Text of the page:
There are plenty of articles showing the typical
?: ternary approaches along with the usual warnings or considerations when using them. For example, it’s common knowledge that many nested ternaries can harm code readability, so often a
switch might be used in it’s place, or multiple components are rendered where each one conditionally renders itself. This topic is surprisingly a common source of heated debate in the React community.
switch in the context of React is an improvement, unfortunately, a
switch statement is not exhaustive like pattern matching in a functional language. This means it’s easy to forget to update a
This pattern isn’t specific to just React. I considered demonstrating the pattern for multiple frameworks including Vue but decided against it.
There is an alternative approach that leads to more readable code while also adding extra type safety. I hesitate to call this a “new” or less known conditional rendering method, but after implementing it in a project and then searching for it online I have not seen this pattern described in this specific way using TypeScript.
For no specific reason (besides fruit being delicious), I decided to have a component that renders a fact about the chosen fruit. Conditionally rendering based on several states is common for status labels, forms, stepper components, wizards, and the like. To reiterate, there is no
if/else if chain,
switch, or nested ternaries in the below component!
Instead, a more maintainable and compact solution is used. It is essentially a lookup table using an object - but with added type-safety, which allows TypeScript to ensure all states are included.
To begin with, I created a union type that contains all possible states. The union isn’t an absolute necessity for this general pattern, but it’s how I can enforce type-safety and exhaustive pattern matching. A union, as those familiar with TypeScript will know, can be a union of disparate types - not just strings. For this particular example, strings work well. They will be passed as props to the React component.
We now have TypeScript feedback during development.
Next, I created a lookup table object. This object is a map of the union type to a string containing the fruit facts. The not type-safe way you often see in typical code would be a plain object where the key is a string, and the value is a string. As I’ve already explained, we would not get the TypeScript feedback, and type safety demonstrated previously.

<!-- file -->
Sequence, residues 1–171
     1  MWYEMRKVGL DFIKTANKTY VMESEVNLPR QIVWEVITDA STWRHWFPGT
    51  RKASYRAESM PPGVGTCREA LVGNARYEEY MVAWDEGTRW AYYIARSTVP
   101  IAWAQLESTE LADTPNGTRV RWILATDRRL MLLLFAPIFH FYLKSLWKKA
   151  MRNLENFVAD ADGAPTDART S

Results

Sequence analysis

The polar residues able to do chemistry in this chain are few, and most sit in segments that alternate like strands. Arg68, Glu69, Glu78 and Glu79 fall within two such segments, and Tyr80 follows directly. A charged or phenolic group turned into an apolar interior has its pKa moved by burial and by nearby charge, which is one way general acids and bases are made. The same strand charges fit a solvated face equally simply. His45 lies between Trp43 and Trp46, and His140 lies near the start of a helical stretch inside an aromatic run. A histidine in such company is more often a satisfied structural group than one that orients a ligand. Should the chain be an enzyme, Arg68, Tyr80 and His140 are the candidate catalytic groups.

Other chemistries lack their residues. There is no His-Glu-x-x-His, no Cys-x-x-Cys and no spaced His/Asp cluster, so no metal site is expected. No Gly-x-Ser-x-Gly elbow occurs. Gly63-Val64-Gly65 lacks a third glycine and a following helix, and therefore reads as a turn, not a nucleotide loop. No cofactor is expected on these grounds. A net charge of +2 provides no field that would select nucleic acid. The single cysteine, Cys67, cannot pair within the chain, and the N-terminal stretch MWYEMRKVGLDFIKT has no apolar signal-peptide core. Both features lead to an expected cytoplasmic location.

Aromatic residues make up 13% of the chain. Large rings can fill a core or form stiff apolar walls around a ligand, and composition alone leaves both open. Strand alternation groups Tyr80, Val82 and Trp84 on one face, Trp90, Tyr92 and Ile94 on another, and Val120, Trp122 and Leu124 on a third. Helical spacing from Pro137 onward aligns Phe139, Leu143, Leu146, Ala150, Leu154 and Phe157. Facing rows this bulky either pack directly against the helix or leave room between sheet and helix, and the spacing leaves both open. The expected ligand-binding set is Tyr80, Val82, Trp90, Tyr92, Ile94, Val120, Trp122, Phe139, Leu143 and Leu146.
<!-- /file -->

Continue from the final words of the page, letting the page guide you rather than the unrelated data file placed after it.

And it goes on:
Record<Keys, Type>- Constructs an object type whose property keys are Keys and whose property values are Type. This utility can be used to map the properties of a type to another type.
The next step is to apply the same pattern to the conditional rendering of elements or components. For this, instead of a record mapping the fruit union to a string, we will map it to a React node. In our case, we have a specific component for each fruit emoji.
It’s worth reiterating what we have so far because this is a powerful pattern:
- A union type of all possible states
- Record types mapping from the state to strings and React nodes
- Exhaustive pattern matching, which ensures all states have to be included to be valid code
The entire component is below. The correct icon and fact will be rendered depending on which fruit is passed as a prop. This component demonstrates how to conditionally render strings and elements based on a type-safe lookup table. TypeScript will ensure all states are included, and the correct type is returned. The pattern significantly improves code readability and maintainability.
It can be taken further, too, where the union type contains objects itself instead of strings. The possibilities are numerous. This is not going to be how all conditional rendering is done, but it is a very nice pattern. A traditional
switch will not tell you if you’ve forgotten to include a state, but this pattern will.
Usage and testing
Using and unit testing the component is just like any other React component. This example unit test uses react-testing-library. Having a finite set of possible states means we can use a parameterised test to test all possible input states.
This pattern is a way to make it type-safe and ensure all states are covered. I hope you found it useful. I have written some other articles on React and TypeScript if you would like to read more. I have a newsletter too!